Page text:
The most recent update to the Consumer Price Index, a key inflation indicator, showed prices rose 8.3% in April, compared to 2021.
The Congressional Budget Office, meanwhile, recently projected a 6.1% increase in the Consumer Price Index this year and a 3.1% increase in 2023.
Tillis expressed some skepticism that the Senate Armed Services Committee would ultimately approve a raise higher than 4.6% since the money would likely need to be taken from elsewhere in the defense budget, though Republicans have also been pushing to increase the defense budget beyond the $813 billion Biden requested. Still, Tillis stressed, the proposed raise is "certainly not keeping up right now" with inflation.
While the House Armed Services Committee's personnel subcommittee endorsed a 4.6% raise, it also called for a series of studies and reports into how to "modernize" service members' compensation.
One study would look at whether the basic pay tables need to be updated to compete with the current job market and whether to use a measurement other than the Employment Cost Index to calculate annual raises. Other studies would focus on benefits such as the Basic Allowance for Housing, including one to look at the "efficiency and accuracy" of the current way to calculate the housing allowance.
Staffers for the subcommittee this week also raised the possibility of action by the full committee to go beyond the 4.6% raise. By comparison, this year’s raise was 2.7%.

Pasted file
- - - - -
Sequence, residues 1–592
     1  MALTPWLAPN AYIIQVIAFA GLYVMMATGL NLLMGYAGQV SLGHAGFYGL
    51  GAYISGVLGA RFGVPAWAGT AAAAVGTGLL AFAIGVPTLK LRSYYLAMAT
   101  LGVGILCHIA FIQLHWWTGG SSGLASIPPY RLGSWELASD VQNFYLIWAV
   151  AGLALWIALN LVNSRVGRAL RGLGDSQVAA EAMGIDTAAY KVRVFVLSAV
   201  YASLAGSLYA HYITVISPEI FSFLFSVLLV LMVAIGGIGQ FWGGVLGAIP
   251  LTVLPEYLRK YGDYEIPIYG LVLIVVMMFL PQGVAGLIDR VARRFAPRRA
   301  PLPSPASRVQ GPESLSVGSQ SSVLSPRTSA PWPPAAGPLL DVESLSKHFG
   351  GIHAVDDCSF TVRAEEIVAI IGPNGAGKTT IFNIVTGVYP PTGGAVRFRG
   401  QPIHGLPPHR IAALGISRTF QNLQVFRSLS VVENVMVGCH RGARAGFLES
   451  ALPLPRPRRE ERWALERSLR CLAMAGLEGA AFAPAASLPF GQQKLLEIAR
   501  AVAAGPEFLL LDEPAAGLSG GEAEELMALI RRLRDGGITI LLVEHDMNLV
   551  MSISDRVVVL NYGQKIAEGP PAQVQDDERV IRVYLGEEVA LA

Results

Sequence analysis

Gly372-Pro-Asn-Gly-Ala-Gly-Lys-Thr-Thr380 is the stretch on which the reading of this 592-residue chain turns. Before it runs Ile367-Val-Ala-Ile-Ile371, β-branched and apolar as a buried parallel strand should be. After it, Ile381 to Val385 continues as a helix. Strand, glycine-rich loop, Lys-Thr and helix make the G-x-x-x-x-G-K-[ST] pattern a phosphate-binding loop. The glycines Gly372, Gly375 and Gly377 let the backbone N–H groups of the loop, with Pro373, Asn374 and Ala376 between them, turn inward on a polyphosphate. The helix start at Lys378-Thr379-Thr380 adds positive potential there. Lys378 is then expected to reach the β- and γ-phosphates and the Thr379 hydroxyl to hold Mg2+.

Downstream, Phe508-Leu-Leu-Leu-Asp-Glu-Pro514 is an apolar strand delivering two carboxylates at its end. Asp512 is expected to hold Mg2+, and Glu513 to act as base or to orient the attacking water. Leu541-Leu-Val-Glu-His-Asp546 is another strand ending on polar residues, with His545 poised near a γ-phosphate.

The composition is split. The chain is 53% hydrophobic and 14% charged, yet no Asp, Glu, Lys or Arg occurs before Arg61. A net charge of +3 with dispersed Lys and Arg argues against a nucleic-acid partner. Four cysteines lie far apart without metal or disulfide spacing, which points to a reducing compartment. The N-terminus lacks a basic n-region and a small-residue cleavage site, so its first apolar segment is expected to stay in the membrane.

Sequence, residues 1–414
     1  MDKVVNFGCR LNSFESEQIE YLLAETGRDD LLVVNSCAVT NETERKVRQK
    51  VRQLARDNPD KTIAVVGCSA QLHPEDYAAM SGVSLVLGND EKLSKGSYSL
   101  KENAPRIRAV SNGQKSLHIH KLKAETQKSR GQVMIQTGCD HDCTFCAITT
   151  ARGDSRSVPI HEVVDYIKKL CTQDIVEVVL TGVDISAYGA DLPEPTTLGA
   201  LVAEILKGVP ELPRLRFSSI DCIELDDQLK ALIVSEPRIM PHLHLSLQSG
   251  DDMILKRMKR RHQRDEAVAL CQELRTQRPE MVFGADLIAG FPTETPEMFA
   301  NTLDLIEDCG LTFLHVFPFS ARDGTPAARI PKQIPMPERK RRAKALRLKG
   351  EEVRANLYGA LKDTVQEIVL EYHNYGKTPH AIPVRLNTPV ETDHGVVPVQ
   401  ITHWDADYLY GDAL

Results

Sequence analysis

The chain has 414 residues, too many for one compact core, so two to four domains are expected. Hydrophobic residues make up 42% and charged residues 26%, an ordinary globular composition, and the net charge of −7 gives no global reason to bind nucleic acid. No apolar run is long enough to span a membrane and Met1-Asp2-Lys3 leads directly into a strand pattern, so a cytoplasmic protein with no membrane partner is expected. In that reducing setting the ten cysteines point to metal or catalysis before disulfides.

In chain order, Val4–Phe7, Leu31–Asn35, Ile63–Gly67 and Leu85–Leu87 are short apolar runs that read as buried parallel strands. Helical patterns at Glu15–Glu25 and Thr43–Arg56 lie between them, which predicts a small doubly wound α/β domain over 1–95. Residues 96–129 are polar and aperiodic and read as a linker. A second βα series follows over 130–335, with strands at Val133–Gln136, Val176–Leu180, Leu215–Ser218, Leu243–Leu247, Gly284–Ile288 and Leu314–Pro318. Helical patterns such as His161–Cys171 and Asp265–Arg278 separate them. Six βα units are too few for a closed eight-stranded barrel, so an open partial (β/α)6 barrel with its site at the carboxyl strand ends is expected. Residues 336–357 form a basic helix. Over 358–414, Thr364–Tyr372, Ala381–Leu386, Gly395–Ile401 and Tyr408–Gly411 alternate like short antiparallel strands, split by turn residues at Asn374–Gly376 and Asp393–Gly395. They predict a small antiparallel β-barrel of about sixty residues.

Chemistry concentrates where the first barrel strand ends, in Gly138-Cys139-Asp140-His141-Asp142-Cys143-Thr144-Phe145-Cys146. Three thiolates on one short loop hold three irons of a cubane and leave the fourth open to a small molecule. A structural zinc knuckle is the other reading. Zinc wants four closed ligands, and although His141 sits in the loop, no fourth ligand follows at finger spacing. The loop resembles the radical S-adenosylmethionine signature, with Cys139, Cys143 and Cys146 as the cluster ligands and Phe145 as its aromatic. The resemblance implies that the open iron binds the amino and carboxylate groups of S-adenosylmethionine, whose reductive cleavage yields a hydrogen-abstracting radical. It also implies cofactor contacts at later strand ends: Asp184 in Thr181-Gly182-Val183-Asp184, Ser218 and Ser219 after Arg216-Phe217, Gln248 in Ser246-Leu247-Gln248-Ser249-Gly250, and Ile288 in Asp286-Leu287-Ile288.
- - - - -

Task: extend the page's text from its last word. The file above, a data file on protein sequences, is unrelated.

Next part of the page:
"Certainly, it's within the realm of the possible," a staffer told reporters on condition of anonymity under terms set by the committee. "I do know that there is congressional interest in this area. You saw that when we did the budget hearing, you saw the concern with inflation. So would a member bring a potential amendment? It's certainly within the possible."
The debate over whether to do more to help troops cope with inflation also comes at a time when the military services have been sounding the alarm about difficulty recruiting and retaining service members amid a competitive job market.
The services are offering all-time high bonuses to get recruits in the door, but lawmakers say pay and benefits need to be updated to attract and keep people in the military.
House Armed Services Committee ranking member Rep. Mike Rogers, R-Ala., who last year said he wanted to "significantly" increase pay and benefits when this year's NDAA is debated, said he has not yet seen any specific proposals to go above a 4.6% basic pay raise during the full committee's NDAA debate.
But he added that he's asked his staff to draft a "comprehensive proposal" to update pay and benefits, something he envisions being a multiyear effort.
"When you got 8% inflation, 4.6% is not enough, but the problem is bigger than that," Rogers told Military.com. "It's not just compensation. It's the whole benefits package for enlisted personnel has to be made a lot more attractive. We want to attract and keep the kind of people we need to serve."
-- Rebecca Kheel can be reached at firstname.lastname@example.org. Follow her on Twitter @reporterkheel.